The Caucasus is among the world’s most divided and incoherent regions. Its three republics — Armenia, Azerbaijan and Georgia — failed to learn from similarly linked groups of countries, such as the Benelux countries and the Baltic states, which, despite their historical grievances and political differences, united to achieve their common goals of stability, prosperity and democracy.
Is it too late for the Caucasus to change course?
To be sure, when the Russian Empire disintegrated after World War I, Armenia, Azerbaijan and Georgia formed a confederation to face the threats posed by Turkish encroachment from the west, and Soviet incursions from the north. But after a few months, each went its own way as an independent state. Two years later, all were absorbed into the Soviet Union.
In 1991, when all three became independent again, similar proposals of confederation and union were floated. Nothing of the sort was realized. What divides these countries today is not religion, ethnicity, culture, history or traditions; it is the differing visions, prospects, ambitions, convictions and aspirations they espouse and pursue.
To the extent that political and economic institutions determine the nature of a region’s international role, the Caucasus is more comparable to the counties bordering North Africa than the Baltics or Old Europe.
Its political systems are unstable; its economies are more oligarchical than liberal; territorial disputes are resolved by force; and its foreign policy vectors point in different directions.
Of the three, Georgia is the most democratic. The fact that its people have twice forced a change of government — first through the 2003 Rose Revolution, which imposed the popular will on an unelected government, and then again last year through the ballot box — has given them a sense of empowerment.
For their part, Armenians came close to forcing a change of government through street protests on three occasions — but failed each time. No election since independence has brought a change of government.
And in Azerbaijan, no serious attempt to change the government has been made. Indeed, power has simply been transferred dynastically, from Heydar Aliyev to his son, Ilham Aliyev, who, after assuming office in 2003, amended the constitution to make himself president for life.
These contrasting experiences have led to starkly different — and dangerously divisive — foreign-policy approaches. In terms of security, Georgia aspires to NATO membership; Armenia is a member of the Russian-led Collective Security Treaty Organization; and Azerbaijan maintains strong security arrangements with Turkey and Israel, while purchasing modern military hardware from Russia.
Likewise, Georgia recently signed an Association Agreement with the European Union, while committing to economic and institutional reforms that will strengthen the country’s ability to take on the body of EU law.
Armenia has indicated its readiness to join the Russian-led Eurasian Union, along with Belarus and Kazakhstan, and has already formed a customs union with these countries. Azerbaijan has stayed away from both.
Regardless of the nature of its formal relations with each of the three republics, Russia casts a long shadow over the Caucasus. Whatever these countries decide, they must remain cognizant of the “Russia factor,” the perceived significance of which inevitably influences their foreign policy orientation.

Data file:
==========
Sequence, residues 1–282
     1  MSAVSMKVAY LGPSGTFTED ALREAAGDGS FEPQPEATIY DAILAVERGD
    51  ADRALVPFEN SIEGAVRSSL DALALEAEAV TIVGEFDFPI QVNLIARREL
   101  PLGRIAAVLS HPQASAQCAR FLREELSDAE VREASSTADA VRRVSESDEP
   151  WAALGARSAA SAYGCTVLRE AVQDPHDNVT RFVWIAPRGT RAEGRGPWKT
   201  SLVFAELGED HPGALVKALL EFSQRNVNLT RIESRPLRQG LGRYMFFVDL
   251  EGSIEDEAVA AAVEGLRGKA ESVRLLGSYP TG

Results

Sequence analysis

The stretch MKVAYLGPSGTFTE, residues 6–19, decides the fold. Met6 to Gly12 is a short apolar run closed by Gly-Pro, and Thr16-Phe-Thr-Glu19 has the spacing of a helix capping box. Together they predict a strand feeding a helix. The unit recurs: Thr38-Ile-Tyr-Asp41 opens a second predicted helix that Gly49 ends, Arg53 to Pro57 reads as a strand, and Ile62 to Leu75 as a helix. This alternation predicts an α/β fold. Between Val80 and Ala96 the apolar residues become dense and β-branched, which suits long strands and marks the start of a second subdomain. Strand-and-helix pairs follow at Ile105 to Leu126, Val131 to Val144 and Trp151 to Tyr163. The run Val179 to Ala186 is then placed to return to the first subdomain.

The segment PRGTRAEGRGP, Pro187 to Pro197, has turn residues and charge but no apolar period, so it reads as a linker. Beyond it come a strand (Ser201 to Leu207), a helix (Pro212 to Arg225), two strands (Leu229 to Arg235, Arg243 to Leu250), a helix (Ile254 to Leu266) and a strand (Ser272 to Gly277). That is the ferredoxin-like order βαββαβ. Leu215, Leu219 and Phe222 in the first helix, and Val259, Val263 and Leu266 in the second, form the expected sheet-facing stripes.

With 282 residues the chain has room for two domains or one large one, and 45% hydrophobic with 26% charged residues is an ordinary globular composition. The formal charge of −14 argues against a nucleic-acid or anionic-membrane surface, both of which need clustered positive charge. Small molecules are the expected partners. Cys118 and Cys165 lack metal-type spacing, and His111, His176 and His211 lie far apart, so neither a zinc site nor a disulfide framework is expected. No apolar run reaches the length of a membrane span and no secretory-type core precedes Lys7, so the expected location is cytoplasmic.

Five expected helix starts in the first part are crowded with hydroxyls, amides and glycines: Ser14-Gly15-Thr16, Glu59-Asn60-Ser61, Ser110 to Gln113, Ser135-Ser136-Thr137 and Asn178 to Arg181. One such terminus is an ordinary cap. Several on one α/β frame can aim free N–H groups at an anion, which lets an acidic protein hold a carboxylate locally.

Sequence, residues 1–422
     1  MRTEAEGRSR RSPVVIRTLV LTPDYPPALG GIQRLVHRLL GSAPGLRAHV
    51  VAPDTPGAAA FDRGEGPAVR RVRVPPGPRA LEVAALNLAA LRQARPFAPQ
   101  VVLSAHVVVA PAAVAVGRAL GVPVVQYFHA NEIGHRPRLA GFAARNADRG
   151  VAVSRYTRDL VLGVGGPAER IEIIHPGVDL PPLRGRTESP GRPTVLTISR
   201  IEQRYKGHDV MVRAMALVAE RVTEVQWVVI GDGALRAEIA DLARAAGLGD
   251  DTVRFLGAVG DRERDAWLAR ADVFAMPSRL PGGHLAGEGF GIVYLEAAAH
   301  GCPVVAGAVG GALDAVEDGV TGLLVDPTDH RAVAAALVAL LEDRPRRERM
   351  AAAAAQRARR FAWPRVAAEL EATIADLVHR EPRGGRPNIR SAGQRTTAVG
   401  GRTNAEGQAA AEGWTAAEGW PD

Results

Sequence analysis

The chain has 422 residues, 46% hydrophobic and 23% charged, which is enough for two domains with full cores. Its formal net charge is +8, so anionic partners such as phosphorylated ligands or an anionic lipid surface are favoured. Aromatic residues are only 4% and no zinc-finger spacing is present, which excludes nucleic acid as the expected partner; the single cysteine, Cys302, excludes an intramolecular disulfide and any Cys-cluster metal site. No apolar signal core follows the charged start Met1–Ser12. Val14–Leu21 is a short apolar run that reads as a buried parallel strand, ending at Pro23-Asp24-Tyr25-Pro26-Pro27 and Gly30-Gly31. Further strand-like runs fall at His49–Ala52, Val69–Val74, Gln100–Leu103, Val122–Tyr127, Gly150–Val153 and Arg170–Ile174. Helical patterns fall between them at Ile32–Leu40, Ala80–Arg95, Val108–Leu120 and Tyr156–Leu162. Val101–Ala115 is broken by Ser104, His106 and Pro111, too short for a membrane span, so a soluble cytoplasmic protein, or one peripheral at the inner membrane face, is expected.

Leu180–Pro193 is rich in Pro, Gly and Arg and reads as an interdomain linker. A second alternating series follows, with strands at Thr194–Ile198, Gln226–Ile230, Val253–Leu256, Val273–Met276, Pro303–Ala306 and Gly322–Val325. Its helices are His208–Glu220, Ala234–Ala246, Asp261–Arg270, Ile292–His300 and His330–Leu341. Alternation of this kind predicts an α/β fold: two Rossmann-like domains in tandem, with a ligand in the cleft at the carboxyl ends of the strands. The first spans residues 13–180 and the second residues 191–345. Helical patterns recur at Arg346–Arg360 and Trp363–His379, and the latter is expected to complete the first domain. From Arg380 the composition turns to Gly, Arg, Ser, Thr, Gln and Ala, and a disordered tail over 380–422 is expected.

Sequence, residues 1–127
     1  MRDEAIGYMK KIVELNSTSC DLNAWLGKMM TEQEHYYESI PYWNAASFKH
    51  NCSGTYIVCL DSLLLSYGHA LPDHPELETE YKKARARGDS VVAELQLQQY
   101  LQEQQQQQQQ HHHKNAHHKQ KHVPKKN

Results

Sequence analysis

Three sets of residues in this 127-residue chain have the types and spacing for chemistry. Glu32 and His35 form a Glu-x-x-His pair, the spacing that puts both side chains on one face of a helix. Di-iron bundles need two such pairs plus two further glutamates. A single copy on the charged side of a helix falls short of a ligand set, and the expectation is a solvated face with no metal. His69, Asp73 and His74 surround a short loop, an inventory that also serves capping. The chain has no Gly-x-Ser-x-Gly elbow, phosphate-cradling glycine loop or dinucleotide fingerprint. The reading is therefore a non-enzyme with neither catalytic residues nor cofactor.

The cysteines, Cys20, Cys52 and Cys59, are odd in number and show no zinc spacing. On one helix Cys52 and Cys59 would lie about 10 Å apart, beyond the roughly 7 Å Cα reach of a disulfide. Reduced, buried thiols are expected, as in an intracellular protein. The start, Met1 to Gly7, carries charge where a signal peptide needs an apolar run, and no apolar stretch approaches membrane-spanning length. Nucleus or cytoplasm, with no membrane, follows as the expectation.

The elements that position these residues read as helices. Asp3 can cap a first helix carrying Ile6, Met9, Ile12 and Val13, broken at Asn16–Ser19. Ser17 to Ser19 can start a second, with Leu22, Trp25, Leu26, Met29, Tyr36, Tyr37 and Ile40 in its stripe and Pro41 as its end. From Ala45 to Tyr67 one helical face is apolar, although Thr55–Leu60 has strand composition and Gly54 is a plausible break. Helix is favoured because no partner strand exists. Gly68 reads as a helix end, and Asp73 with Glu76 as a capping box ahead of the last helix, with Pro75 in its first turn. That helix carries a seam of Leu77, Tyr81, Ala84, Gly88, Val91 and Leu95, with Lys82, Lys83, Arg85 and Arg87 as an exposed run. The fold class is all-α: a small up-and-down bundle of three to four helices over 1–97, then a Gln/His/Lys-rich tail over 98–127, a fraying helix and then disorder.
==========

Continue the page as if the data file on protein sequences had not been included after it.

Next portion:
Georgia views Russia as its main adversary, despite its own contribution to the two countries’ mutual animosity. But its leaders should recognize that eventual integration into European security and economic structures cannot fully compensate for the absence of any relations with Russia. If Georgia is to prosper in a sustainable way, it must build normal bilateral ties.
Until then, Armenia’s options will remain limited. For Armenia, Russia is a strategic partner by choice, while Georgia is a geopolitical partner by default. Russia is a hugely important country for Armenia; Georgia is slightly more important. When bad weather shuts down the Lars passage between Georgia and Russia — which is also Armenia’s land link to Russia -Armenia suffers. If the Georgia-Armenia border closes down, Armenia chokes.
That is why Armenia’s key geopolitical challenge is not so much normalizing relations with its neighbors as preventing those neighbors from ganging up against it. Here, Georgia’s rejection of the highly lucrative economic, energy and financial incentives offered by Turkey and Azerbaijan to isolate Armenia is crucially important.
Azerbaijan views Russia as a partner with which it can bargain, particularly in the strategic energy games being played by Russia and Europe.
What the Aliyev government has not recognized is that, by signing off on several gas pipelines to Europe, Azerbaijan has largely relinquished its bargaining chips. Stability and prosperity in Azerbaijan will require Aliyev to stop depending exclusively on energy exports — and to help bring an end to the longstanding Nagorno-Karabakh conflict between Azeris and Armenians.
In the Caucasus, nostalgia for the security, predictability and economic benefits of the Cold War era is not a guide to wise policy. But blind belief in Western alternatives, which sometimes seem like a panacea for the region’s security and economic challenges, does not offer a solution either.
If all three countries considered realistically what’s possible under current circumstances, they would recognize that a cooperative, unified approach would be best for everyone.
Unfortunately political leaders — particularly in autocratic systems — often do not identify their countries’ best interests with their own.
Vartan Oskanian, a member of Armenia’s National Assembly and a former foreign minister (1998-2008), is the founder of the Civilitas Foundation. © 2014 Project Syndicate (www.project-syndicate.org)